There are dozens upon dozens of books that take an in depth look at Thai history and culture. I am not going to try to emulate them here. What I am going to do is tell you what you need to know to make a comfortable transition. This is part 8 and the final article in a series on Thai culture.
The Feet – Always take off your shoes when entering someone’s home. Never use your feet to point or do something your hands can do such as closing a door. Never rest your feet on a table or on a car dashboard. In relation to this, if someone is lying down, never step over them. Walk around them. Note, as with most things in life, when you are among very close friends, these rules of politeness can go out the window. Observe your friends and when unsure, border on the side of caution. Never point your feet at a Buddha image or at a Monk.
The Head – Never touch someone on the head. The only exception is a small child or a significant other with whom you are very close.
Blowing Your Nose – It’s extremely rude to blow your nose in public. The Thais will excuse themselves to the privacy of the bathroom for this or sniffle until they can reach such a place.
Picking Your Nose – Contrary to what logic might dictate, while blowing one’s nose is considered very rude and disgusting, it’s perfectly acceptable to pick it. No matter how many times I see it, I can never quite accept a beautiful young girl with her finger up her nose.
Yes – The Thais don’t like to disappoint. And although it defies Western logic, if you ask for something and the real answer is no, you will often be told yes. Be aware of this. If you suspect the answer may be no, but are told yes right away, don’t assume it means yes. Double and triple check and offer a way out such as ‘If no, mai pen rai, really’. In this way, the Thai will not lose face by telling you no if the answer is indeed no.
Volume – The volume at which many Americans speak never ceases to amaze me. Even when the person I am speaking with is 2 feet away, they project their voice as if they are on stage on Broadway. In the US this may be considered a show of strength and confidence or maybe everyone is just hard of hearing. I honestly don’t know. What I do know is that speaking at this volume in Thailand will result in making the person you are speaking with feel extremely uncomfortable, not to mention embarrassing yourself. Here again can be found another contradiction in Thai culture, for volume from all other things does not seem to bother anyone. Dogs bark constantly. Music is played by outdoor karaoke bars at ear shattering volumes. Trucks drive around cities with giant speakers, broadcasting news of the latest motorcycles or laundry detergent. And no one seems to mind. But raise your voice when you speak and you will bother all of those within earshot.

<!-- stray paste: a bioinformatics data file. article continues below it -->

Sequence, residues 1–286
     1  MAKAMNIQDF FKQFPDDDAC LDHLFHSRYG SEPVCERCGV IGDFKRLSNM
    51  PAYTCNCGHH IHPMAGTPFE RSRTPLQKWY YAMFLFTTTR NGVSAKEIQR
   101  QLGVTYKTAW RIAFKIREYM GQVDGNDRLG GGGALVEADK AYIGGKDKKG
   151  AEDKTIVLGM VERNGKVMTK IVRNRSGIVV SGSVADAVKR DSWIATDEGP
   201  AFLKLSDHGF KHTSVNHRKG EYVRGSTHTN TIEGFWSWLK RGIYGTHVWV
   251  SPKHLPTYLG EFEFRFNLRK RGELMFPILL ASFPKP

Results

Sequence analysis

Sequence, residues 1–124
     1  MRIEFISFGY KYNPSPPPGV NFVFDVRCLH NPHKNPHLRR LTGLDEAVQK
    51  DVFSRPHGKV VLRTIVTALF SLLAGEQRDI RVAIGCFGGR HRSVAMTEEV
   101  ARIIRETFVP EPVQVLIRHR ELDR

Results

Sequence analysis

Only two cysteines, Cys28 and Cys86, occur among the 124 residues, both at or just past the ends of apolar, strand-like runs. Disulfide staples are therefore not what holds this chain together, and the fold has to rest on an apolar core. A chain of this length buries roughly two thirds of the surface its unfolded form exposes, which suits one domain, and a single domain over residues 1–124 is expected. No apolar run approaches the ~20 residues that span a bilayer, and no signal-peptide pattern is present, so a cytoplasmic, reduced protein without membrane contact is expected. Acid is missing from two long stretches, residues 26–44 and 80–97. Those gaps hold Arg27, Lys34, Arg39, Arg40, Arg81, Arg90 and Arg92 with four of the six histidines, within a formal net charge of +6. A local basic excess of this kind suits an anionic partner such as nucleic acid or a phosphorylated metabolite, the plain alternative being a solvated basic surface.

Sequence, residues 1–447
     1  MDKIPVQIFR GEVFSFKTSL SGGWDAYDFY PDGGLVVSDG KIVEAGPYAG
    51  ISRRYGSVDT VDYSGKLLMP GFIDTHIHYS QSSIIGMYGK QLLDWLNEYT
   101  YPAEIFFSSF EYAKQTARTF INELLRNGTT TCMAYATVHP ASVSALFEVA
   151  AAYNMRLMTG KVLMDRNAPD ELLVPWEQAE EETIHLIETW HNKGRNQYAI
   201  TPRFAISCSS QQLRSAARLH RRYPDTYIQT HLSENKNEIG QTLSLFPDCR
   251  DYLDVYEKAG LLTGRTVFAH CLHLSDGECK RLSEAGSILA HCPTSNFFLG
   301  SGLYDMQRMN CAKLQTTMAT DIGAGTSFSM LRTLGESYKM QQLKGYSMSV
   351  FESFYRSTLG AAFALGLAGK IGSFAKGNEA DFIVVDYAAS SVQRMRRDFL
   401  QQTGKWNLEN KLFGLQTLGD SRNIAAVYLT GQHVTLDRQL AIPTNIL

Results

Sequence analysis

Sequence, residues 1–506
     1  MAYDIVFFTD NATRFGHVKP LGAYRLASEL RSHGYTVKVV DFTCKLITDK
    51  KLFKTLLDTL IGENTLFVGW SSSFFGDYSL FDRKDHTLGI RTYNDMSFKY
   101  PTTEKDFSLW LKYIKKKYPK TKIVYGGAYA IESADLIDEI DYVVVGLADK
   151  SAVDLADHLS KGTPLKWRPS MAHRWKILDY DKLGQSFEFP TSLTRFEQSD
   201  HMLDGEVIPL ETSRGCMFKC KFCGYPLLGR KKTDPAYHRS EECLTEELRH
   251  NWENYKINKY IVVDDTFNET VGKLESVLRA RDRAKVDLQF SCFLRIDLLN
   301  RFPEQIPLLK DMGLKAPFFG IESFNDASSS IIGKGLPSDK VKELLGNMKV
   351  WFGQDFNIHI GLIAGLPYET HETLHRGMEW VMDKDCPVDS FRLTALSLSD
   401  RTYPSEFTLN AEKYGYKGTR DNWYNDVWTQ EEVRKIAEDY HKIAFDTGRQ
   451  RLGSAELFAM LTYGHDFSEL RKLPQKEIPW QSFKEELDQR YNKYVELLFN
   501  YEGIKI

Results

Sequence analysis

Eye contact – Don’t look a superior directly in the eye. While this is considered a sign of respect and trustworthiness in the West, in Thailand, as with a tiger, this is a sign of a challenge and disrespect. If you find yourself speaking with someone of obvious superior status, look slightly down or past them, but not directly in the eyes.
Misc. – If you must walk between two people or walk in front of someone who is watching TV or some other event, always bend over slightly. This is a show of respect. Failing to do so is quite rude.
If someone is sitting, never stand over them and speak. This makes you look arrogant and belittles the person sitting. In schools across the country, when a student comes into a room to speak with a teacher who is sitting at a desk, the student kneels down to the level of the teacher. It is a simple show of respect.